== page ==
I sowed the seeds of love
And I sowed them in the Spring.
I gathered them up in the morning so soon
While the small birds do sweetly sing. (x 2)
My garden was planted well
With flowers everywhere,
But I had not the liberty to choose for myself
Of the flowers that I love so dear. (x 2)
The gardener was standing by
And I asked him to choose for me.
He choosed for me the violet, the lily and the pink,
But those I refused all three. (x 2)
The violet I did not like
Because it bloomed so soon.
The lily and the pink I really overthink;
So I vowed that I'd stay till June. (x 2)
In June there was red rose-bud
And that's the flower for me
I oftentimes have pluck├?┬Ęd that red rose-bud
Till I gained the willow tree. (x 2)
The willow tree will twist
And the willow tree will twine.
I have oftentimes wished I was in that young man's arms
That once had the heart of mine. (x 2)
Come all you false young men,
Do not leave me here to complain,
For the grass that have been oftentimes trampled underfoot,
Give it time it will rise up again. (x 2)
Cecil Sharp's Collection of English Folk Songs (ed. Maud Karpeles, Oxford University Press 1974)
Noted by Cecil Sharp from John England of Hambridge, Somerset, in 1903.
Although this is not an uncommon song and is available in many other places, it represents a seminal event in the first Folk Song Revival; Cecil Sharp's introduction to folksong "in the wild". Sharp was staying with the vicar of Hambridge, Charles Marson, an old friend from their days in Australia. Maud Karpeles (Cecil Sharp: His Life and Work,
Routledge & Kegan Paul, 1967) tells the story thus:
"Cecil Sharp was sitting in the vicarage garden talking to Charles Marson and to Mattie Kay, who was likewise staying at Hambridge, when he heard John England quietly singing to himself as he mowed the vicarage lawn. Cecil Sharp whipped out his notebook and took down the tune; and then persuaded John to give him the words. He immediately harmonised the song; and that same evening it was sung at a choir supper by Mattie Kay, Cecil Sharp accompanying. The audience was delighted; as one said, it was the first time that the song had been put into evening dress."
The song has been widespread in England in various forms and under many different names, also turning up in the USA and Scotland. William Chappell (Popular Music of the Olden Time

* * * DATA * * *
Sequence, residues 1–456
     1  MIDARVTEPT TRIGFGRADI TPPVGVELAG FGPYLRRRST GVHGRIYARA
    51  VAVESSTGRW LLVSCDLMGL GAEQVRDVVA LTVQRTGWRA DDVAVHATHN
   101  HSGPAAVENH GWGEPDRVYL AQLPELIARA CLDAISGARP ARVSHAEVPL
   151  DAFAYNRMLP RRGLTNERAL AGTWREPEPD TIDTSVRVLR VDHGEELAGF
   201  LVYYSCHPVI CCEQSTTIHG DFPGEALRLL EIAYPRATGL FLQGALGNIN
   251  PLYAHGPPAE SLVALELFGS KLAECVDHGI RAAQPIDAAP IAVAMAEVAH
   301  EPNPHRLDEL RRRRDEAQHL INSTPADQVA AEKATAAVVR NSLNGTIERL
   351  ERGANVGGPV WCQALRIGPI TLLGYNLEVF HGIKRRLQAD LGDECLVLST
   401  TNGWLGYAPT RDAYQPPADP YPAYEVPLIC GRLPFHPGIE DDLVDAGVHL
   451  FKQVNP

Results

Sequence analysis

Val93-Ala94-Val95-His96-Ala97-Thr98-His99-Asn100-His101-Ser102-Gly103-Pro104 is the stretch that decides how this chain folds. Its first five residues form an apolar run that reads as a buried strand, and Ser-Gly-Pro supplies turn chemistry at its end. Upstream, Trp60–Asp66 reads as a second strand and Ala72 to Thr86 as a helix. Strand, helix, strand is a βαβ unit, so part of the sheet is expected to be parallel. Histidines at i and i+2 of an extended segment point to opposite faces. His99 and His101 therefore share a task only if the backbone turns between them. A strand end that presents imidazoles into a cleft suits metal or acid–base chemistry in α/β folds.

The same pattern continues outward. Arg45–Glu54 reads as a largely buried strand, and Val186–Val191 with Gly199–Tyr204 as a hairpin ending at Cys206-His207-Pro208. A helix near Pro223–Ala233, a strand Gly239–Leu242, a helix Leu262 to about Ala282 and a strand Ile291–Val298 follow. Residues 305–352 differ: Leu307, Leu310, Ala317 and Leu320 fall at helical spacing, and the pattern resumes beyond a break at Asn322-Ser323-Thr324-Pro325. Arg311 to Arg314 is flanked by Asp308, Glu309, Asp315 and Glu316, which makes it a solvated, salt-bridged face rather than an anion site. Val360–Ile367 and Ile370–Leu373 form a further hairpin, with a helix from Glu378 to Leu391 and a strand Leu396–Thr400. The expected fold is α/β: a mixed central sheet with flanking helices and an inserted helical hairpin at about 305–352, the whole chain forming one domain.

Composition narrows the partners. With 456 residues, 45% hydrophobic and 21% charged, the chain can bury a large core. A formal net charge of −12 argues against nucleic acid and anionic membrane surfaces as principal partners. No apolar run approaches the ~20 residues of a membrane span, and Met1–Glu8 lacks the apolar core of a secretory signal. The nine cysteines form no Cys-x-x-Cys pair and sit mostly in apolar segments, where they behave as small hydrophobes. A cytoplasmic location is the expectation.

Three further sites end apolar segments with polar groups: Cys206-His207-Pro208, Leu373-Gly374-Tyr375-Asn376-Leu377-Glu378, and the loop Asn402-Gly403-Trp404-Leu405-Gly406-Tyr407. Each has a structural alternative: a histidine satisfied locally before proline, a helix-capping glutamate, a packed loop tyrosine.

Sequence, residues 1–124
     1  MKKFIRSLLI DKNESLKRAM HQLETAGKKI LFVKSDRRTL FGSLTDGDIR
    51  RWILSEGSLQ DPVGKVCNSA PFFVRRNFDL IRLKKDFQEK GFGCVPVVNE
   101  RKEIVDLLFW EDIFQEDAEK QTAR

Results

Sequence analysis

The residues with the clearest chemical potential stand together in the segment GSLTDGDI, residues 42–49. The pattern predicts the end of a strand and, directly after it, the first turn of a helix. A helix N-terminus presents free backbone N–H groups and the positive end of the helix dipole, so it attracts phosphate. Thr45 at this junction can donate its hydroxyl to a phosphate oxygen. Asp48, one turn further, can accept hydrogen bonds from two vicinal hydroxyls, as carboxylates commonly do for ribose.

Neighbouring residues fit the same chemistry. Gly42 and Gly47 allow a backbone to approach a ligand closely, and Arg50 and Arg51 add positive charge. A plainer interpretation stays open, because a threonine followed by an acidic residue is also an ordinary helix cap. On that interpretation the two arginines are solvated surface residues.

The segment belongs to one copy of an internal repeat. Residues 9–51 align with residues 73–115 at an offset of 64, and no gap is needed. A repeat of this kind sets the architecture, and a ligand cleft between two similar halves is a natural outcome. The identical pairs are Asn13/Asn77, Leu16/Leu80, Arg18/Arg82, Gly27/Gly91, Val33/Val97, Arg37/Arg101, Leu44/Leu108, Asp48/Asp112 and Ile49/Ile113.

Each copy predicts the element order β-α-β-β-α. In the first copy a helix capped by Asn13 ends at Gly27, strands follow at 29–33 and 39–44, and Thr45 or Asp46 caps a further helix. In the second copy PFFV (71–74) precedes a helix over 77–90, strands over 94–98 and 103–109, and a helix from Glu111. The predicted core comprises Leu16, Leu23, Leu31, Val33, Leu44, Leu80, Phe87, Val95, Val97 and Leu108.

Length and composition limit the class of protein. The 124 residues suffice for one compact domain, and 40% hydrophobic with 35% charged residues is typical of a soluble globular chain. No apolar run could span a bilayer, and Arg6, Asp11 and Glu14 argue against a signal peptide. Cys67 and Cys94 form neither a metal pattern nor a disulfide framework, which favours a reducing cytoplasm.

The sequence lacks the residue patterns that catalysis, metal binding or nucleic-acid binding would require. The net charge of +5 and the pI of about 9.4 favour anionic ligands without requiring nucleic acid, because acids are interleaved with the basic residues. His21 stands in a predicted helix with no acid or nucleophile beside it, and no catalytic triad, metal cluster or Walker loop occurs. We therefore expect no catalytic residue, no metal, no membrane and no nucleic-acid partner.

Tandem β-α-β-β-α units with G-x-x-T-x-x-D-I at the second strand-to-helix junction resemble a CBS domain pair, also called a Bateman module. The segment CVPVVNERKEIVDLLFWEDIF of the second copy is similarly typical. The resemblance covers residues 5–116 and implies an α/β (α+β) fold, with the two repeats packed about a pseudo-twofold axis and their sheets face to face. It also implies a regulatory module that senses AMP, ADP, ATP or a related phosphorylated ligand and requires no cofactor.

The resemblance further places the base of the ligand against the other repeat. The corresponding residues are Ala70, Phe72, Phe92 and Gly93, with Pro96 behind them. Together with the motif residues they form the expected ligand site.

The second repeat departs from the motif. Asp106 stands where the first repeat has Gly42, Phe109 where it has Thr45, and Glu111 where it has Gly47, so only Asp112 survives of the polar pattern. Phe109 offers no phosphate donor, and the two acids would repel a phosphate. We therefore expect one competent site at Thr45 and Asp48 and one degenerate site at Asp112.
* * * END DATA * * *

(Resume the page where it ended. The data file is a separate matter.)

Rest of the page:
, 1859), names it, along with Cupid's Garden
and Early One Morning
, as "one of the three most popular songs among the servant-maids of the present generation", and mentions its appearance on the London stage, sung by Mrs. Honey, in a play entitled The Loan of a Lover
. He also quotes a passage from Whittaker's History of the Parish of Whalley
(1801) which ascribes the lyric to a Mrs. Fleetwood Habergham, of Habergham Hall, Lancashire, who is supposed to have written the song to console herself when, in 1689, her husband's extravagances finally led to the loss of the family's estates. This apocryphal story is not generally taken too seriously nowadays.
There are two broadside examples at Bodleian Library Broadside Ballads
, the more legible being Harding B 11(1657):I sowed the seeds of love
Printed between 1819 and 1844 by J. Pitts, wholesale Toy and Marble warehouse, 6, Gt. St. Andrew Street, Seven Dials [London].
In his Additions and Corrections to vol.V of the English and Scottish Popular Ballads, Child quotes material supplementary to no.219, The Gardener, which Baring Gould had sent him; two Scottish texts of Braw Sailing, and Dead Maid's Land from Devon, all of which overlap to some degree with both song-groups; Steve Roud's Folk Song Index assigns them to the Seeds of Love group rather than to Child 219 (Roud 339); which would presumably be current consensus. Ewan MacColl (Travellers' Songs from England and Scotland, R & K P, 1977) suggests that the Seeds of Love/ Sprig of Thyme group is a worn-down lyric descendant of the ballad, which he considers to be Scottish in origin. This does not seem to be an opinion generally held.
(Search Roud index at VWML) Take Six
Sprig of Thyme,The